What Can I Do If I Am At Risk for Vulvar Cancer?

What Can I Do if I am at Risk for Vulvar Cancer?

The best things you can do to prevent vulvar cancer are to lower the risks you can control and get regular gynecological exams. In some cases, doctors also recommend doing self-exams. Below are some of the choices you can make to lower your risk of getting vulvar cancer.

Avoid human papillomavirus (HPV) and HIV infection

You can help prevent these infections by not having sex as a preteen or young teen, by having protected sex (using condoms), and by avoiding sex with many people or with people who have had a lot of sexual partners. Remember that condoms provide some protection against HPV, but not complete protection. Even so, if used consistently, they do help prevent the spread of HIV and many other sexually transmitted diseases. You can also talk to your doctor about the vaccines available to help prevent HPV infection and whether one of them might be right for you. 

Two vaccines against the human papillomavirus (HPV) are available to protect against cervical cancer. The CDC recommends that girls 11 or 12 years old get 3 doses of the HPV vaccine. Older girls and young women who missed a dose of the vaccine can make it up through age 26.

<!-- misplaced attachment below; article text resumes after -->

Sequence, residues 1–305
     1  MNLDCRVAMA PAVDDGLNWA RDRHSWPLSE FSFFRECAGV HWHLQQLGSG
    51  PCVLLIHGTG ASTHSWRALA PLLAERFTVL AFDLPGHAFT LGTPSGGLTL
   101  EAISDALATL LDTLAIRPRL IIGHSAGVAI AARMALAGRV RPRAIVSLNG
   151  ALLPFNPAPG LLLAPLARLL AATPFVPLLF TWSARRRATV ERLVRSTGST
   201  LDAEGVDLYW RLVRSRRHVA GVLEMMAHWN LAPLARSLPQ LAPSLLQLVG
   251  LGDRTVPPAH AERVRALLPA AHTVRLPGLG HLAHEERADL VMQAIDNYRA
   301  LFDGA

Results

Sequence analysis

Don’t smoke

Women who smoke are more likely to get vulvar cancer, especially if they have certain types of high-risk HPV.

Have regular Pap tests and pelvic exams

Women who are older than 21 should have a pelvic exam and a Pap test on a regular basis.

Do self-exams

Your doctor may recommend that you do regular self-exams to find any changes in your vulva. You can do this by using a mirror once a month and looking for any red, irritated, dark, or white spots on your vulva. Also look for bumps, ulcers, or moles that are new or have changed. Tell your doctor about anything unusual.

 
Related Items

The third-party content provided in the Health Library of phoebeputney.com is for informational purposes only and is not designed to diagnose or treat a health problem or disease, or replace the professional medical advice you receive from your physician. If you or your child has or suspect you may have a health problem, please consult your primary care physician. If you or your child may have a medical emergency, call your doctor or 911 or other emergency health care provider immediately in the United States or the appropriate health agency of your country. For more information regarding site usage, please visit: Privacy Information, Terms of Use or Disclaimer.